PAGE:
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Book Chapter

A tale of two kinds of normal fault: the importance of strain weakening in fault development

By
W. Roger Buck
W. Roger Buck
Lamont-Doherty Earth Observatory of Columbia University, Route 9W, Palisades, NY 10964, USA (e-mail:buck@ldeo.columbia.edu)
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Luc L. Lavier
Luc L. Lavier
GeoForschungsZentrum Potsdam, Albert-Einstein-Strasse, Telegrafenberg, 14473 Potsdam,GermanyPresent address: California Institute of Technology, Seismology Laboratory 252–21, Pasadena, CA 91125, USA
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Published:
January 01, 2001

Abstract

We search for a description of fault formation consistent with the main features of two very different types of extensional faults: (1) large-offset, low-angle normal faults; (2) small-offset, high-angle normal faults. We use an advanced numerical model to predict how the pattern of faulting varies as a function of the imposed magnitude and rate of weakening of an extending Mohr-Coulomb layer. We assume that fault weakening is due to reduction of cohesion with fault offset. Faults initiate and slip at high dip angles. When the fault offset is large (i.e. comparable with layer thickness) then the inactive footwall fault surface can be rotated to a flat orientation. We find two requirements for development of a large-offset fault. The magnitude of cohesion loss must be greater than c. 20% of the initial total extensional yield strength. Also, the rate of weakening with fault offset has to be moderate: the fault offset to lose cohesion has to be less than c. 2 km and more than c.100m, with the lower bound being harder to define. Using the same cohesion and rate of offset weakening, extension of a thick layer can lead to development of multiple, small-offset, high-angle faults rather than a single ‘low-angle’ fault. For cohesion reduction of 20 MPa a brittle lithosphere thicker than 20 km leads to multiple faults. Finally, we show that inclusion of thermal advection weakening can shift the transition to thinner layers for the same magnitude and rate of cohesion weakening.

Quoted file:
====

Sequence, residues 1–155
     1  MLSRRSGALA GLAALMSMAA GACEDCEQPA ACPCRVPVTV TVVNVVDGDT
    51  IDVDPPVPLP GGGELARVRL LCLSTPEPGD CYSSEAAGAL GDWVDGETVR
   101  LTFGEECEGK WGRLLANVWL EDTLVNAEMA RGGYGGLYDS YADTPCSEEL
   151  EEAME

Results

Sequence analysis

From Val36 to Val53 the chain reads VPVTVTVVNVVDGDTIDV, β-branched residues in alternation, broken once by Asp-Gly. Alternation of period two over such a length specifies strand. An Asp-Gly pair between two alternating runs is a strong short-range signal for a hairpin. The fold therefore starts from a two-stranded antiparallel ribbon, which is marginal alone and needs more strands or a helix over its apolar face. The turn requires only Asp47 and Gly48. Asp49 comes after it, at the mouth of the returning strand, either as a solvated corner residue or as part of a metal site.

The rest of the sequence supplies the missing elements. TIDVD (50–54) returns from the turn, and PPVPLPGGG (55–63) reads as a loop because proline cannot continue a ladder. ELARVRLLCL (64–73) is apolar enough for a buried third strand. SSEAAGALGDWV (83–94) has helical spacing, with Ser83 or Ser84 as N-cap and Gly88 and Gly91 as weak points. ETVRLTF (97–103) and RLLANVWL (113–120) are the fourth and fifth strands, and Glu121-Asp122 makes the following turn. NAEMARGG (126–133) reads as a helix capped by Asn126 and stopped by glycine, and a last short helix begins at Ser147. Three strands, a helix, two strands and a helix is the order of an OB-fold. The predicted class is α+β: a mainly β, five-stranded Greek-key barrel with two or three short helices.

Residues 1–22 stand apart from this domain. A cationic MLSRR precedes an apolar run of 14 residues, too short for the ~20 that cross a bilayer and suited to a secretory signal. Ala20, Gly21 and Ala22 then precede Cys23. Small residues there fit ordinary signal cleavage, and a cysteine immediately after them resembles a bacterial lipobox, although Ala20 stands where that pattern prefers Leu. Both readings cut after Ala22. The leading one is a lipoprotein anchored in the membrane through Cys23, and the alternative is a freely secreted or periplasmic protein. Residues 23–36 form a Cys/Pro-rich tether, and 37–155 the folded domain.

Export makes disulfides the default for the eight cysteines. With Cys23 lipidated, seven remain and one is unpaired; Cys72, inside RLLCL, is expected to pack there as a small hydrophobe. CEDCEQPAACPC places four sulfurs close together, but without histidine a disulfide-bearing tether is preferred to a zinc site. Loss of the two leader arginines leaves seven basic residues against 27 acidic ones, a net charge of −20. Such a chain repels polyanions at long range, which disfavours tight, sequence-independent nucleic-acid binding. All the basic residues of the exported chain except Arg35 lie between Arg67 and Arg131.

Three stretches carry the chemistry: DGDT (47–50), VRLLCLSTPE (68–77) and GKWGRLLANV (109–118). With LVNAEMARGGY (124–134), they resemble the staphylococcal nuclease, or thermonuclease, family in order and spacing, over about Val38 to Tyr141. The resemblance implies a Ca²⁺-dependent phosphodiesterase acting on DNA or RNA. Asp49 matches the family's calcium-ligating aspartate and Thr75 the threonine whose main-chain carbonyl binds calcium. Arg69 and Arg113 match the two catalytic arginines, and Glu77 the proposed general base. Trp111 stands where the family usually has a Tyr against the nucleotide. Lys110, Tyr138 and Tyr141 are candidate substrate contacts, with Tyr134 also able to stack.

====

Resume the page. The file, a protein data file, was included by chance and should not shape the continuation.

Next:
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Contents

Geological Society, London, Special Publications

Non-Volcanic Rifting of Continental Margins: A Comparison of Evidence from Land and Sea

R. C. L. Wilson
R. C. L. Wilson
The Open University, UK
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R. B. Whitmarsh
R. B. Whitmarsh
Southampton Oceanography Centre, UK
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B. Taylor
B. Taylor
University of Hawaii, Hawaii
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N. Froitzheim
N. Froitzheim
University of Bonn, Germany
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Geological Society of London
Volume
187
ISBN electronic:
9781862394353
Publication date:
January 01, 2001

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